To craft a story that resonates with your reader you need to connect with their heart. Whether it makes their heart soften with tenderness or charge with suspense is up to you. How do you connect with your reader’s heart? Simple: connect with your own.
Your Universal Experience
Ask yourself: what gets to me? What brings tears to my eyes? What worries me or makes my heart race or makes me obsess for years on end? If it gets to you, chances are, it will get to your reader too. Because we’re all human and the stories that resonate are the ones that are about the human experience. So think of experiences you’ve had with family, friends or even via the news that wouldn’t let you go. Find that universal thread and shine it until it glows.
Your Unique Experience
Now, look at it from a different angle. Readers also want to be intrigued. For that, you need something unique. Well, you’re unique. There’s no one on earth who experiences life like you do. Ask yourself: what gets to me that sets me apart? Do I have a unique passion or talent? Am I a little quirky? How so? Have I experienced something life-changing that was unusual? How did it or does it affect me personally? What about this thing is unique. Now turn up the volume on that unique angle. Twist it until a reader can't help but pick up your book.
Your Reading Experience
Of course, we don’t all write just out of our own life experience. The sci-fi and historical fiction shelves would be sparse if we did. So here’s another question: What draws me in when I’m reading? Because chances are that a novel that captivated you, captivated others. What was it in a particular novel that got to you? Study it until you know, and see if there’s a general idea you can weave into your own story. I’m not advising riffing someone else’s story exactly, only finding the general idea.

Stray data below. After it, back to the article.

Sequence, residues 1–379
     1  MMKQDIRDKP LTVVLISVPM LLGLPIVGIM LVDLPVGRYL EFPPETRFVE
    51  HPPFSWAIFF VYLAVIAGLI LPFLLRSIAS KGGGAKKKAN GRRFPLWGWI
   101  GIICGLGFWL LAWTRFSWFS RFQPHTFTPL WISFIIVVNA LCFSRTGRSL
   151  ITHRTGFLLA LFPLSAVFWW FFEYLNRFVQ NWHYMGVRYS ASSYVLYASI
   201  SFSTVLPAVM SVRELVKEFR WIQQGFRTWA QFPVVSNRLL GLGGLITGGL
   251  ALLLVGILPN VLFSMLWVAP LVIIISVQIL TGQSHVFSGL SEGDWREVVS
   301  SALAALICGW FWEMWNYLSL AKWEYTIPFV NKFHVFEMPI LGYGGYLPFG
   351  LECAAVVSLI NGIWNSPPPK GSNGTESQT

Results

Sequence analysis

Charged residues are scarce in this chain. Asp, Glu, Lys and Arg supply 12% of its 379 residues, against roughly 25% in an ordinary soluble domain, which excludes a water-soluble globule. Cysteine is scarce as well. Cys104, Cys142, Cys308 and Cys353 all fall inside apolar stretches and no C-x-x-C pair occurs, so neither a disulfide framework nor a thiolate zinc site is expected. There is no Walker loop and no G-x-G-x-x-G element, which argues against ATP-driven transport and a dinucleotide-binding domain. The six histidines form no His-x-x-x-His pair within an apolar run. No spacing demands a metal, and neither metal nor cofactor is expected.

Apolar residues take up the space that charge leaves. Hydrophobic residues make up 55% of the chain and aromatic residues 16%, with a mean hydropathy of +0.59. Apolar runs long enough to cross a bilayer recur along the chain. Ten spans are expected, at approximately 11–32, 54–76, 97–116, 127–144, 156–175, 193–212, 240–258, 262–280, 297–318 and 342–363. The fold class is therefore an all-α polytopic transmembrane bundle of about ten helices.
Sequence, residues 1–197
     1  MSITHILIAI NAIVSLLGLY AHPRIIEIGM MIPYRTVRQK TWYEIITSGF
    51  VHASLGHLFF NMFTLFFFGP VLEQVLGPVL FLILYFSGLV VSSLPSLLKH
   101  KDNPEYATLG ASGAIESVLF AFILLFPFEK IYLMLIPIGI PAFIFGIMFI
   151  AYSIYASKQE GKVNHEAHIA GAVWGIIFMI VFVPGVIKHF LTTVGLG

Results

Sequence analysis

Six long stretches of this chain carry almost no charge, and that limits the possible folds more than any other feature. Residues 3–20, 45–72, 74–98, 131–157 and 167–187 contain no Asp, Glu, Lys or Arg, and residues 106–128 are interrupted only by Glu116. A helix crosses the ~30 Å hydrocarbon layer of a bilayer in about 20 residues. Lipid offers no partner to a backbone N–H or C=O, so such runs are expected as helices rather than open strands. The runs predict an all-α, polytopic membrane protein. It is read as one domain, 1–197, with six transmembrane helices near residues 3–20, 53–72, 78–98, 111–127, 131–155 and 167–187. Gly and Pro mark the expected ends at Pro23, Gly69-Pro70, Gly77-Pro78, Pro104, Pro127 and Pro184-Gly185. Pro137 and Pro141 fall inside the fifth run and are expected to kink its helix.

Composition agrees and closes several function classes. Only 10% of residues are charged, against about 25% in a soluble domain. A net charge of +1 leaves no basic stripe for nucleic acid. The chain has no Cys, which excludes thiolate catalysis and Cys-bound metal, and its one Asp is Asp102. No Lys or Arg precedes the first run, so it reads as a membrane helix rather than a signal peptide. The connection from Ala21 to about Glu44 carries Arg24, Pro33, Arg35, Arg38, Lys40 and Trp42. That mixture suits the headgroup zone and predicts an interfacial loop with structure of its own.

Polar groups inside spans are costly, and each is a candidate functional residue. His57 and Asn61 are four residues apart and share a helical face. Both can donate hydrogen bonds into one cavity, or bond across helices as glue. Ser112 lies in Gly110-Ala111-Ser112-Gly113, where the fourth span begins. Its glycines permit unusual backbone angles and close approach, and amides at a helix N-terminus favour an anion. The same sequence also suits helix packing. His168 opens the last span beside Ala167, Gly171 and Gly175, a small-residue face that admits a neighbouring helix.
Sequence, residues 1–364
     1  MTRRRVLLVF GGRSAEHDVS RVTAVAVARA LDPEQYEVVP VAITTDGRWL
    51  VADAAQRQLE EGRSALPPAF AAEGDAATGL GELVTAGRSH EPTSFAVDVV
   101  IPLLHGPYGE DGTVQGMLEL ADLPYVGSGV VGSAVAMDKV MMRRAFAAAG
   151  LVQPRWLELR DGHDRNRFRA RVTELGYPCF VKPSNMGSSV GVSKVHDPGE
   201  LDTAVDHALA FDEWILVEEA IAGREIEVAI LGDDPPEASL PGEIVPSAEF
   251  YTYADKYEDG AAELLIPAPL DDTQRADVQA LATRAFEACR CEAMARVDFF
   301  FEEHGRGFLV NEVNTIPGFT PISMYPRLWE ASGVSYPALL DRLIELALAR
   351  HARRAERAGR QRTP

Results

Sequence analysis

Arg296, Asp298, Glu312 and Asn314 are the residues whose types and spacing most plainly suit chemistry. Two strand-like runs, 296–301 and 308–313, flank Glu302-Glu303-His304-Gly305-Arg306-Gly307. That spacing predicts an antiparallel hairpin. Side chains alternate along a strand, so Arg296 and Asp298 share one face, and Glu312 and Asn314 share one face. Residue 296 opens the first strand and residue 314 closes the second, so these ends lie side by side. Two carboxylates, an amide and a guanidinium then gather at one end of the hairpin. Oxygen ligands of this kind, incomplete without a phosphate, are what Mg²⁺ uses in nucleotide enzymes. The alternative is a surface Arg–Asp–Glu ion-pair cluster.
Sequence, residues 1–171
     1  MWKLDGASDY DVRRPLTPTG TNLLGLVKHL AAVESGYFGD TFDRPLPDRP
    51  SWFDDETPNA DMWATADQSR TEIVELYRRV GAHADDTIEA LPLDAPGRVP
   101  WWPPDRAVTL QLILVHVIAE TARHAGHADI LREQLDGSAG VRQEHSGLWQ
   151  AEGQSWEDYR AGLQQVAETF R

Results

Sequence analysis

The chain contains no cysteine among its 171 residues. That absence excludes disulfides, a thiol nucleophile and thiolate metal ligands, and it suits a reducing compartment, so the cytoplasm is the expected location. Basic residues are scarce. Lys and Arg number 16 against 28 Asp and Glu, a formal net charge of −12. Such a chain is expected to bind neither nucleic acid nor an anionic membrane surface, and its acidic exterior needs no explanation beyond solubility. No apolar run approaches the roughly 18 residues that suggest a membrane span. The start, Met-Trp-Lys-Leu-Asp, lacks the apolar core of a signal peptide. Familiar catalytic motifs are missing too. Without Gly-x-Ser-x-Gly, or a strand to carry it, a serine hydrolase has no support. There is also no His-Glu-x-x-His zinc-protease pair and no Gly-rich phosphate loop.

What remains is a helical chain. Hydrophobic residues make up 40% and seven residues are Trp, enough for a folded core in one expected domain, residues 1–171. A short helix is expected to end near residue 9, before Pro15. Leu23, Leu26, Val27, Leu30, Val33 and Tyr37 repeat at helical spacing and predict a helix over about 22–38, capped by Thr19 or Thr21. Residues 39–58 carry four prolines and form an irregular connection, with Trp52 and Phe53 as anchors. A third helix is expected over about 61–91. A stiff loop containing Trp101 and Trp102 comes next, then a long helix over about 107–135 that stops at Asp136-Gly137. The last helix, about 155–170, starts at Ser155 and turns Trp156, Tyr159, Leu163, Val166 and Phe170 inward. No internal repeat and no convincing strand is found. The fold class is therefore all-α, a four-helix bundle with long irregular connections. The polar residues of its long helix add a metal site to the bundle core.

So for example, if you loved The Martian, you’re not going to write another story about someone stranded in outer space. But you might think about how the life and death struggle made you read on, or how you admired the hero’s genius and humor. Or perhaps you liked the idea of the whole world watching and caring about what happened to the hero. One or two of those things can be woven into your story about a WWII medic, say, or a homeless mom, for a unique outcome, while keeping the reader hooked.
One last question. What fascinates you and makes you want to learn more? Because if it fascinates you, that passion will translate on to the page, and it will hook your reader. I certainly didn’t think I would want to read about growing food on Mars or how to jerry-rig a space vehicle. But Andy Weir’s passion for space won me over, along with a lot of drama. So, whatever passion is yours, follow it, especially if you’re willing to research it like crazy. Your passion, see, is what will capture the reader’s heart.